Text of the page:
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Alebrije

The first Alebrijes, along with the invention of the term, originated from Mexico City.  Mexican artist Pedro Linares often told that in 1943, he fell very ill, and while he was in bed unconscious, he dreamt of a strange place resembling a forest. There, he saw trees, rocks, clouds that suddenly turned into strange objects, and animals and birds never seen before.  He often saw "a donkey with butterfly wings, a rooster with bull horns, and a lion with an eagle head", and all of them were shouting one word, "Alebrijes! Alebrijes! Alebrijes!

Alebrije pronounced in English is:   ah-leh-bree-heh.

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The Calavera

Calavera is an art representation of a human skull. The term is most often applied to decorative skulls that are used in the Mexican celebration of the Day Of The Dead.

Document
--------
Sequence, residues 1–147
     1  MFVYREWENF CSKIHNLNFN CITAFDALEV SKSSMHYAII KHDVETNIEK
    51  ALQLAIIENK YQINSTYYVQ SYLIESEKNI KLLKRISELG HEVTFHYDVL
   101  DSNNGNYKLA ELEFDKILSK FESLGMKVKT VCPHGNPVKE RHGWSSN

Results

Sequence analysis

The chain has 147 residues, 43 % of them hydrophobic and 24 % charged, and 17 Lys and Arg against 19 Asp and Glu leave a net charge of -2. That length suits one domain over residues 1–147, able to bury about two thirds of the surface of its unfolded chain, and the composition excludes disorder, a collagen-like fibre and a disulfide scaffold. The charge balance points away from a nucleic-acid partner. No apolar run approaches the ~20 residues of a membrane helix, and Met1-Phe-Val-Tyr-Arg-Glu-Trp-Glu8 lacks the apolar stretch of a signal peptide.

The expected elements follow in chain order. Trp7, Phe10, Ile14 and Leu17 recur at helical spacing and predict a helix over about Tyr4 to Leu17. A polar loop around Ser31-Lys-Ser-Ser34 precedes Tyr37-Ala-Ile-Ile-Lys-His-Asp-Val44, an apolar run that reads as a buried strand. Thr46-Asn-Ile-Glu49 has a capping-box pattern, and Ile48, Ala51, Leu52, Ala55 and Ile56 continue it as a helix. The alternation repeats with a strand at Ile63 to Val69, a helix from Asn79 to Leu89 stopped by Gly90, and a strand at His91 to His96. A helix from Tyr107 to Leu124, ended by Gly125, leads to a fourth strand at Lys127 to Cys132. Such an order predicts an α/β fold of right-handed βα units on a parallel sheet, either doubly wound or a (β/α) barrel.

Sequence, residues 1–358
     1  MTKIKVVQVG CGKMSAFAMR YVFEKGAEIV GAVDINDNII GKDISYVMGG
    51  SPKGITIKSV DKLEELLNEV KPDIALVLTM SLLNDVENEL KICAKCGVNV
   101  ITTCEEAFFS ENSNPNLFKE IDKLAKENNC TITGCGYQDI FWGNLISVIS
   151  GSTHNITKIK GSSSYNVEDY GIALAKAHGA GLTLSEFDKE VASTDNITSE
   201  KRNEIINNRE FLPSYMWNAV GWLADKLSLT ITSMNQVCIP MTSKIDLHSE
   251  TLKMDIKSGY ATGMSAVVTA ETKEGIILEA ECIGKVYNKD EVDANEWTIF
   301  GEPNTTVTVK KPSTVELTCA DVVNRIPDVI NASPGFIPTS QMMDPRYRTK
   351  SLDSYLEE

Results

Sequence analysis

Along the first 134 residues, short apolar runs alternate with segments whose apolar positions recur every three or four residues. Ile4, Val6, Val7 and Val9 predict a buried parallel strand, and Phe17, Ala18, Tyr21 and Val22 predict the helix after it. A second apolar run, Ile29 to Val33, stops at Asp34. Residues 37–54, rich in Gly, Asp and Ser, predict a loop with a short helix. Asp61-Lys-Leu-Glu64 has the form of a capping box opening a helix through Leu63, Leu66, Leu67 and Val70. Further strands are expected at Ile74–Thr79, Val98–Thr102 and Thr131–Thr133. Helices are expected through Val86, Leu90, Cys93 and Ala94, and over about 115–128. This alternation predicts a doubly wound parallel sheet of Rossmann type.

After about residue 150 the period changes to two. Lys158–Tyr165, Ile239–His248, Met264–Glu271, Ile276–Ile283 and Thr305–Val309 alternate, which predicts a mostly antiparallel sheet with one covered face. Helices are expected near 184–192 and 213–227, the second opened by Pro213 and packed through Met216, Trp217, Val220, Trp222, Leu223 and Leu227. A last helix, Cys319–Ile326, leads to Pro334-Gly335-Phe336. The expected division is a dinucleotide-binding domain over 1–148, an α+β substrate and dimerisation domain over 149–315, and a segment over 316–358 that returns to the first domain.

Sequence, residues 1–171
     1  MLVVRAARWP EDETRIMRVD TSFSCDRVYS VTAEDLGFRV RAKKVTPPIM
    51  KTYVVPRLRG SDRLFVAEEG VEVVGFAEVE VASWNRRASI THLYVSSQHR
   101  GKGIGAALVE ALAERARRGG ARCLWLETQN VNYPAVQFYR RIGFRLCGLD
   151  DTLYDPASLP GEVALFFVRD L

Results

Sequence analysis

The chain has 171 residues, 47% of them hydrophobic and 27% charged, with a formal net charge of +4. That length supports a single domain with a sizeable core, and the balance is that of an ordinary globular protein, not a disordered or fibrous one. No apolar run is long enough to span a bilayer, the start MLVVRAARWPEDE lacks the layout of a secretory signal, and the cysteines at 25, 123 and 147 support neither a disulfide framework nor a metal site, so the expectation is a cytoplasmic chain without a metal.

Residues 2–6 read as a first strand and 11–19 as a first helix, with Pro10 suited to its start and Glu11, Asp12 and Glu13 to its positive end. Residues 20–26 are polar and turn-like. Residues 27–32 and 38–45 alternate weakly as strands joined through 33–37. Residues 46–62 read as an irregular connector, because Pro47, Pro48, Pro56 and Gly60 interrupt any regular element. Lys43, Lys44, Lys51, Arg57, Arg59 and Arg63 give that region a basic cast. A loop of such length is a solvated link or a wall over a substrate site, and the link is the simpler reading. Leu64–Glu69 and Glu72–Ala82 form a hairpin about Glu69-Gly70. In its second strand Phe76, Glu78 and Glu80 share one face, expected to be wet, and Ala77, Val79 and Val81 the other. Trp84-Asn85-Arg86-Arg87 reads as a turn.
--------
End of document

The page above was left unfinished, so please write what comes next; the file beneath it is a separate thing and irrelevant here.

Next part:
The Day Of The Dead celebration is a multi-day holiday involving family and friends gathering to pay respects and to remember friends and family members who have died. These celebrations can take a humorous tone, as celebrants remember funny events and anecdotes about the departed.

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The Aztecs

The Aztecs were a culture that flourished in central Mexico during the period from 1300 to 1521.  From their capital city, Tenochtitlan, the Aztecs emerged as the dominant force in central Mexico, developing an intricate social, political, religious and commercial organization that brought many of the region’s city-states under their control by the 15th century. Invaders led by the Spanish conquistador Hernán Cortés overthrew the Aztec Empire by force and captured Tenochtitlan in 1521, bringing an end to this last great native civilization.

South American Collection

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